During my 20s, my parents had known years of me returning for short stints following various far-flung adventures. This time, however, it was 30-something us returning. This generated lots of interest from outside parties. How were we finding it? Nobody ever queried how my parents were finding it.

Sure they were meant to be delighted. To be fair to them, they have never acted anything but. In fact, this may well end up being to their detriment. We have received unconditional welcome, comfort, space and support — lots of support. We need only make the smallest effort at adulting and my mum bestows on us endless praise. My husband thinks she should have a dedicated phoneline that people call when they’re feeling blue, so great is her ability to turn people’s everyday achievements into those of everyday heroes.

The advantages of living with my parents are immeasurable. I don’t want to put the constant stream of crispy, heavenly roast potatoes at the top of the list, but it would be remiss of me not to mention them. Parents, it seems, do not reserve dinners requiring multiple pots only for Sundays.

And when this new lodger returns home feeling delicate after a night of socialising? No judgement. Just scrambled eggs, understanding, and a roaring fire for extra comfort (yes, even during heatwaves). Almost as plentiful as the meals are the lifts. Be it to the Luas or Limerick, my parents are utterly convincing in their assurance that there’s nothing in the world they would rather be doing at that very moment than driving us around.

The weather updates are indispensable: My dad always knows what’s brewing outside. Granted, he consumes an awful lot of weather updates, what with him watching so much news. Who knew the many times the news comes on in one day? My parents devour bulletins like we would the latest Netflix original. I’m approximately 90% more well-informed than before I moved in. Apparently my Twitter feed isn’t quite as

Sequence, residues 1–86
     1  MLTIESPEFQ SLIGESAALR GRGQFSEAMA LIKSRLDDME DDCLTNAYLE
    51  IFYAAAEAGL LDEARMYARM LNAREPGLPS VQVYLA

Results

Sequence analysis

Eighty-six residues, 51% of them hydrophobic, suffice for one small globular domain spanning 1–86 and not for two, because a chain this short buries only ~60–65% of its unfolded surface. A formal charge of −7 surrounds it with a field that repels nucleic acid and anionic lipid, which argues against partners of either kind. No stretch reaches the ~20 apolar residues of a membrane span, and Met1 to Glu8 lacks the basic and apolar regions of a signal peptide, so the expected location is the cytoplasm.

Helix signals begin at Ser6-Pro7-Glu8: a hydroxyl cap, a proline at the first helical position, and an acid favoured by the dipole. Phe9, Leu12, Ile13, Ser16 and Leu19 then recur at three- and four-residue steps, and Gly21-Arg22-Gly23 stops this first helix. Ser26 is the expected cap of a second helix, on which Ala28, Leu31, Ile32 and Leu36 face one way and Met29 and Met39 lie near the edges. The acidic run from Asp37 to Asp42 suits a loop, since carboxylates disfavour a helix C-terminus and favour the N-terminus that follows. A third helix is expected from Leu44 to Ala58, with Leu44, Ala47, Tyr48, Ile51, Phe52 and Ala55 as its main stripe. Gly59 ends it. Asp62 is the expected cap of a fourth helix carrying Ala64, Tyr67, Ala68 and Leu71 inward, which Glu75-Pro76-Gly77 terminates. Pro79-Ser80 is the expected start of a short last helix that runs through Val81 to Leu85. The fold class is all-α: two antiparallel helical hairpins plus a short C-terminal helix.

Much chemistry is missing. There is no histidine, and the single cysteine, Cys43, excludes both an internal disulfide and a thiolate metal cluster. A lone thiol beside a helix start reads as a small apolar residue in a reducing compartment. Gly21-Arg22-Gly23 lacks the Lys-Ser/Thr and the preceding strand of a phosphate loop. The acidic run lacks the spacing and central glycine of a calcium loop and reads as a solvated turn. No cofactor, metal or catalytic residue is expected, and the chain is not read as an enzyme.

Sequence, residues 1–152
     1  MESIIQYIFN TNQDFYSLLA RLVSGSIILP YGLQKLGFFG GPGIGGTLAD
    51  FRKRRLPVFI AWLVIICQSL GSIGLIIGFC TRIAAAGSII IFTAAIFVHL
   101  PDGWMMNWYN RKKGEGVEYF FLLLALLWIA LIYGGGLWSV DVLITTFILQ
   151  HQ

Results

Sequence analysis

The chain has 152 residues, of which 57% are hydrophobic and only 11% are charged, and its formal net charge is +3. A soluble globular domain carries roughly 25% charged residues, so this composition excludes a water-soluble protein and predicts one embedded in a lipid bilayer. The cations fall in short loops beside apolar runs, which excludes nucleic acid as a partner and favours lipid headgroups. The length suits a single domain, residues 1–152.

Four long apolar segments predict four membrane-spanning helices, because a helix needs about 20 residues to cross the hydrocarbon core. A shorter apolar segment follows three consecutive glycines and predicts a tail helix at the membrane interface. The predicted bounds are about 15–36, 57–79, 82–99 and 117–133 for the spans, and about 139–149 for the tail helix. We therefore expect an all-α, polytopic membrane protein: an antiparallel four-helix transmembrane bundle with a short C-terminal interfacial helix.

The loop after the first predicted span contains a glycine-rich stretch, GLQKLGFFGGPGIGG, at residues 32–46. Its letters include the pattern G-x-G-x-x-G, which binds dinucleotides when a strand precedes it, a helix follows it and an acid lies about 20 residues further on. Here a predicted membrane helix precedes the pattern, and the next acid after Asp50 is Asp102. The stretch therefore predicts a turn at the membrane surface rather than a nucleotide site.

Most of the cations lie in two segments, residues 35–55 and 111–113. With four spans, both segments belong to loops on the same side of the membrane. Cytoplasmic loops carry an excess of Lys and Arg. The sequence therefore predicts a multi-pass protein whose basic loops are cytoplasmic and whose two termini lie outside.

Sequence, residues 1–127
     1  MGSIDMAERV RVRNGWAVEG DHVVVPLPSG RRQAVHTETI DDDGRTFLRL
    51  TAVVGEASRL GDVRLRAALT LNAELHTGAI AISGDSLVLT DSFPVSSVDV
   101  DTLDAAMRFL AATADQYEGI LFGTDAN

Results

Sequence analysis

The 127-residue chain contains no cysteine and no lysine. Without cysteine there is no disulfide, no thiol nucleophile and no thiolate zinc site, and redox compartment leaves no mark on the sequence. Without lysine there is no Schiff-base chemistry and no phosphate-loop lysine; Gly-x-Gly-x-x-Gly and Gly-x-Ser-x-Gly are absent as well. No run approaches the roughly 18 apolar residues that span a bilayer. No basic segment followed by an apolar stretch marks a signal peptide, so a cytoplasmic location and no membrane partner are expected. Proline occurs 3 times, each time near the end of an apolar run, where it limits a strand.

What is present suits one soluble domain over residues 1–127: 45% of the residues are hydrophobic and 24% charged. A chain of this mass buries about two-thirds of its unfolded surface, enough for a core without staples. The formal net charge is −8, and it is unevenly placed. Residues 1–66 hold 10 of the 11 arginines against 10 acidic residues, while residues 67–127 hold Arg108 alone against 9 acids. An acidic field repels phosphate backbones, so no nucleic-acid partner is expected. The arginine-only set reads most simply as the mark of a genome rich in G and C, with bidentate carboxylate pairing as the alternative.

unbiased as Bryan Dobson. And let’s face it, Mr Dobson is a far safer bet to watch together as a two-generation foursome than any boxset could ever be. Over 18s viewing with parents is for extremists.

Fashion stylist Natasha Crowley is one such extremist. She has been living back in her West Cork homestead for a little over two years, and is convinced that she enriched the lives of her parents by introducing them to Love Island and “other reality TV trash”.

At home at Killinear, Newcestown, West Cork, Natasha Crowley and her parents Tomas and Hazel and grandparents Finbar and Breda, who live side by side. Natasha moved home when her fiancé got a job that required him to relocate. Picture: Denis Boyle

“My parents probably think I’m the worst housemate ever as I only do minor jobs around the house but I like to think I entertain them of an evening.”